How to Handle the Winter Season Without Your Kids Getting Bored

Most of the country is in full-on winter mode. But spring is just around the corner. If you are
scrambling for what to do with the kids before the weather breaks, keep reading for a few
activities that will keep little minds engaged and entertained.

Dive into some kitchen science:

If you think about it, science takes place in your kitchen each and every time you cook a meal.
From balancing how much baking soda you put into cookies to determining the perfect pressure
for your favorite Instant Pot recipes, you may as well be measuring with test tubes. Alleviate
boredom by showing the kids just how interesting cooking is. If snacktime is near, you can even
turn their favorite treats into a lesson on DNA or geology. One of the tastiest experiments,
however, is to make two different kinds of biscuits. One with regular milk and baking powder,
the other with baking soda and buttermilk.

Let them use technology as a learning aid:

Technology gets a bad reputation among parents. There is some merit to this, and kids who are
simply given a phone or video game system to keep them entertained are missing out on an
entire world of knowledge. You can avoid falling into this trap by investing in a kid-friendly tablet,
which they can also use to help with homework during the school year. They can use their new
device to play educational games-in-disguise, like Prodigy, use Google Earth to visit remote
locations, and, on those days they just want to relax, they can log into Netflix and chill with their
favorite show. Don’t add the cheapest model to your cart; do your research first to make sure
that it has all the power and features you need (and that it will stand up to the abuse!).

Play hide-and-seek:

An oldie but goodie, hide-and-seek has been around since at least the second century and is
played in some iteration across the globe. Your house makes the perfect indoor playground,
and there are lots of places for children to hide. Be careful, however, that children understand
where they are not allowed to go, such as an unfinished basement, garage, or anywhere there
might be tools, chemicals, and other dangers lurking.

Get crafty:

Kids of all ages love to make things, and crafting together is an excellent way to bond. Even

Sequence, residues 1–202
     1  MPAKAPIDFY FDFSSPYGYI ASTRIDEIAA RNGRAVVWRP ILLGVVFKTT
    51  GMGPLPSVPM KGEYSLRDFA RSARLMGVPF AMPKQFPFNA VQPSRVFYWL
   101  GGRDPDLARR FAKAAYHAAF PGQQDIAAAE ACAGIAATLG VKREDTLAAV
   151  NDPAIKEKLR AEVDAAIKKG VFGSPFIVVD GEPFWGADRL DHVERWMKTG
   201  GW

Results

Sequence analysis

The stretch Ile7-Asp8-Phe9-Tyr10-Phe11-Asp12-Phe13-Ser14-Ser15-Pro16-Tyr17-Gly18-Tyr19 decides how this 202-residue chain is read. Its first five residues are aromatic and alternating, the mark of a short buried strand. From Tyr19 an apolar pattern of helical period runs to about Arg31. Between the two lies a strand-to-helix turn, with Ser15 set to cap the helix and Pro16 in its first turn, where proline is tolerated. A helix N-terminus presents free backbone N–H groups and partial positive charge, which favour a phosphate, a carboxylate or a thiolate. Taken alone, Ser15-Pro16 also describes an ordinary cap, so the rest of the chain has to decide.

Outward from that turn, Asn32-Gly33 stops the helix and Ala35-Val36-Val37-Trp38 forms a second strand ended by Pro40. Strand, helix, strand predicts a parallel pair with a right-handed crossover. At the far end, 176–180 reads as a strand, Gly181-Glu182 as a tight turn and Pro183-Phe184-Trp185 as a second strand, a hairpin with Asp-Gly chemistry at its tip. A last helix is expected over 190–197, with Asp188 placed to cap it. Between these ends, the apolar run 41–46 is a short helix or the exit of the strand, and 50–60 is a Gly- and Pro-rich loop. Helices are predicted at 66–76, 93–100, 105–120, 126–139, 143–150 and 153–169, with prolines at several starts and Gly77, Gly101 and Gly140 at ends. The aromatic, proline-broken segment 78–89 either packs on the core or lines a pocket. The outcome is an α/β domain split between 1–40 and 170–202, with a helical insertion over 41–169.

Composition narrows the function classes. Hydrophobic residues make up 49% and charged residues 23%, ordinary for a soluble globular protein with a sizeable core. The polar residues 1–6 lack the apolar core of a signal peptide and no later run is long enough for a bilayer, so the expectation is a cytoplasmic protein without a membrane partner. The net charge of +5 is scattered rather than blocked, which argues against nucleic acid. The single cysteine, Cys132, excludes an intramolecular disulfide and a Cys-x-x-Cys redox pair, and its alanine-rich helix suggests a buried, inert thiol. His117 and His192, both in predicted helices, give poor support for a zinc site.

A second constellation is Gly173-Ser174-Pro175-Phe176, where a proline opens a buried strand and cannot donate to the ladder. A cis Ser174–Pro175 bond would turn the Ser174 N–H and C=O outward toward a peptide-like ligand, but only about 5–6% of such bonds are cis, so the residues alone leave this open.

more importantly, crafts can easily turn into a sneaky lesson in science or history. You might, for
example, make your own Shrinky Dinks out of leftover plastic containers, and then dive deep
into why plastic shrinks in the heat. Similarly, you can make jewelry, drawings, or pottery in
different styles, and compare them to cultures around the world and through the ages.

Make some noise:

You can make beautiful music together with your children by simply utilizing a few easy-to-find
household objects. Spoons, buckets, and even the kitchen table can become instruments with
100 percent imagination and zero effort. Challenge your kids to write a song and compose their
own music. You can even use music as a segue into a mathematics lesson by having children
count beats and establish patterns.

Have a pajama party:

If all else fails, grab your pajamas and have an old-fashioned pajama party. Together with your
children, you can have a pillow fight, eat popcorn, watch movies, and wait for spring to
reemerge. If you don’t mind them staying up a little later, you can also enthrall older kids with
urban legends, and then discuss the deep psychological reasons why they persist.
No matter what activity you choose to do, make the most of the bad weather by incorporating
physical activity or education. Otherwise, your kids may wind up left to their own devices. While
free time is absolutely necessary, the best use of time is that which makes memories.

 

Written by Carrie Spencer

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